Marshall Lux has been a Financial Services consultant and practitioner for 30 years. He began his career at McKinsey where he served all manner of financial service firms across a variety of subsectors and functional areas. He left McKinsey after approximately 25 years to become the Chief Risk Officer for Chase (all consumer products globally) during the crisis. He then joined BCG, where he was a Senior Partner for 5 years, and in particular, helped build a private equity practice. Marshall continues to be an active Advisor to BCG. He advises or sits on FI private equity Boards ranging from consumer credit, wealth, insurance, and capital markets.
Marshall has a broad network of financial services C-suite executives whom he has worked with on some of their most important issues. He has also diligenced many of the largest private equity deals that have been done. Along with his client work, he has also done 35 pro bono assignments and has served on a number of not-for-profit Boards, including the Harlem Children’s Zone, the New York Historical Society’s Chairman’s Council, the New York Tenement Museum, Junior Achievement, and Reading is Fundamental. Marshall is also a member of the Council on Foreign Relations and is extremely active at the New York Historical Society.
Two years ago, Marshall decided to change paths. He has been a Senior Fellow at the Mossavar- Rahmani Center for Business and Government at the Harvard Kennedy School and will be there next year. He is also a Senior Advisor to The Committee on Capital Markets Regulation and a Senior Fellow to The Program on International Financial Systems. His overall writings have concerned the unexpected consequences of Dodd-Frank on financial services. He has written papers entitled The State and Fate of Community Banking and What’s Behind the Non-Bank Mortgage Boom? He has a paper to be published in April titled Out of Reach: Regressive Trends in Credit Card Access. All published papers were cited on the front page of the Financial Times. Marshall has also spoken broadly, including at the House Small Business Committee, the Federal Reserve, and various Universities and trade groups.
Marshall’s academic, Board, and advisory work consume most of his time. Marshall attended the Woodrow Wilson School and graduated Summa Cum Laude. He also attended Harvard Business School where he was a Baker and Ford Scholar (awarded to the number one student in each graduate school).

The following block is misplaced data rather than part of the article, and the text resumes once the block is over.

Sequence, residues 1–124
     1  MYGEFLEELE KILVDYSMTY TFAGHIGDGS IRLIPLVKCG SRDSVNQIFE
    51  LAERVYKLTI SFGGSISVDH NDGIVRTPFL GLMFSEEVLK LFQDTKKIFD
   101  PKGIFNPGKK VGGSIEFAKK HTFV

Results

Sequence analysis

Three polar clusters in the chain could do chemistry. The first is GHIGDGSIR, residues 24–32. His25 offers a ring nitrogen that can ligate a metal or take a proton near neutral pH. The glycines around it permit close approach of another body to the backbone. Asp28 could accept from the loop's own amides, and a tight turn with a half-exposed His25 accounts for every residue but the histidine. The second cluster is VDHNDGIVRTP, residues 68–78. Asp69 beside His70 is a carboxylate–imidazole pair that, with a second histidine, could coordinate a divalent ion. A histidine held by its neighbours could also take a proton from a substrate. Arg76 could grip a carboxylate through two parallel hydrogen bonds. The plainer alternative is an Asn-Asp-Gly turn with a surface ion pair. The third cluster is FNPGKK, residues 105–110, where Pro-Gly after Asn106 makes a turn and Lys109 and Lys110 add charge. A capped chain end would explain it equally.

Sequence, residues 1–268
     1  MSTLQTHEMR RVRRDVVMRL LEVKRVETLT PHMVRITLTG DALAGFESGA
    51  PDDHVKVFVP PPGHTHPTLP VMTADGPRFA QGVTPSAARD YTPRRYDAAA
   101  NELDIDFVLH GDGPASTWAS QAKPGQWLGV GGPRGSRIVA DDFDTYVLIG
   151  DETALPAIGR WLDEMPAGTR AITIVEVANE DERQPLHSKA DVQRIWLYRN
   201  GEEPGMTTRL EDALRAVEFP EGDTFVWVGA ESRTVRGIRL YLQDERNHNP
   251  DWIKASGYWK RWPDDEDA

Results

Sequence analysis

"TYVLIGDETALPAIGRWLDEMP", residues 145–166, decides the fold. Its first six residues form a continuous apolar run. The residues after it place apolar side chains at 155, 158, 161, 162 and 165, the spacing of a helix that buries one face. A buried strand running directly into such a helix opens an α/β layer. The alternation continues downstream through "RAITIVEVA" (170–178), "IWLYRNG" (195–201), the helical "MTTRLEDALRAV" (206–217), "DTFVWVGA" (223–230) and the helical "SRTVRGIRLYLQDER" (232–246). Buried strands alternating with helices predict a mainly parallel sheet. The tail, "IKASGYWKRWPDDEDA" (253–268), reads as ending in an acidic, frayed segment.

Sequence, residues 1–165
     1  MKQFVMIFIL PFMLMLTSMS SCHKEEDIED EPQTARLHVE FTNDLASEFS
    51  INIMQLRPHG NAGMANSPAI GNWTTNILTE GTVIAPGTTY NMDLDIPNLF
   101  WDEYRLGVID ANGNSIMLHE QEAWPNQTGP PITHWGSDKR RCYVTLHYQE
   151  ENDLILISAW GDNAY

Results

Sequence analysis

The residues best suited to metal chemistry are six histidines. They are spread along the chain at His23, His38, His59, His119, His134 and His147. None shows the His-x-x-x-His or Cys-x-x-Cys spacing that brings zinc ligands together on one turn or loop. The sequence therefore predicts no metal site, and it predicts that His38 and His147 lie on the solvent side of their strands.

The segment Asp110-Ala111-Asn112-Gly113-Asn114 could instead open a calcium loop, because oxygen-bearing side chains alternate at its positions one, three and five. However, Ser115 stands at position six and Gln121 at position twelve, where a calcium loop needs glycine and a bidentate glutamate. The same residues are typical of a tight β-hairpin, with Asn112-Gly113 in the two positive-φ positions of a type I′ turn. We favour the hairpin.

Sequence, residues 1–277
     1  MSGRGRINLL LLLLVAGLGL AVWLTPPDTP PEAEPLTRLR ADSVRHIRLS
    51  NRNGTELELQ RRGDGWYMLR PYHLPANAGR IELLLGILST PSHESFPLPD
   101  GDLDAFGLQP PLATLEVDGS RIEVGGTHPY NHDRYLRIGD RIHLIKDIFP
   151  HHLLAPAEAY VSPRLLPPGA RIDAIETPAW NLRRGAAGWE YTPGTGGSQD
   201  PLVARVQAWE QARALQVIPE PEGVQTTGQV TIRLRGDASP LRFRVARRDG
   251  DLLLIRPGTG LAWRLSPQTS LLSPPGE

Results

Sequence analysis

Out of Reach: Regressive Trends in Credit Card Access
Vladimir M. Stolyarenko, Fellow
Dr. Vladimir M. Stolyarenko has extensive hands-on experience in finance and law. He has successfully executed multiple corporate turnarounds in various industries including financial services, energy, real estate and media.
During a career spanning more than three decades, Dr. Stolyarenko held a number of senior executive positions with leading financial institutions in Russia and was a Partner with the Moscow office of international law firm Lawrence Graham (subsequently renamed to Wragge Lawrence Graham and Gowlings WLG). He managed and provided strategic guidance to the Russian office of an international auditing group. Dr. Stolyarenko has also held various board positions in large public companies as well as in numerous non-profit and professional organizations.
In addition to his business and professional achievements, Dr. Stolyarenko actively participates in research. He is currently a Visiting Professor at the Higher School of Economics in Moscow, Russia. During his earlier career, Dr. Stolyarenko worked as an Associate Professor at St. Petersburg Institute Of Economics and Finance. His academic interests are focused on banking regulation and international financial systems.
Dr. Stolyarenko holds PhD in Economics and Doctorate in Law. He also completed a post-graduate program at Harvard Law School, Executive MBA Program at Columbia University Graduate School of Business and London Business School as well as Advance Management Program at Harvard Business School.
Dr. Stolyarenko joined Harvard Law School Program on International Financial Systems as a Fellow in October 2016.
Brian Johnson, Fellow
Brian A. Johnson is a Visiting Fellow at the Harvard Law School Program on International Financial Systems (PIFS) and a Senior Research Advisor for the Committee on Capital Markets Regulation. His research focuses on the intersection of law and finance with a particular emphasis on financial regulation. Mr. Johnson’s prior professional experience includes his time as a trader at Jane Street Capital, LLC and corporate associate at Latham & Watkins, LLP. Mr. Johnson is also a former research associate in the macroeconomics research group of the Federal Reserve Bank of San Francisco. Mr. Johnson received a B.A. in Economics from Yale College, a J.D. from Harvard Law School, and a M.S. and Ph.D. in Financial Economics from the University of California, Berkeley, Haas School of Business.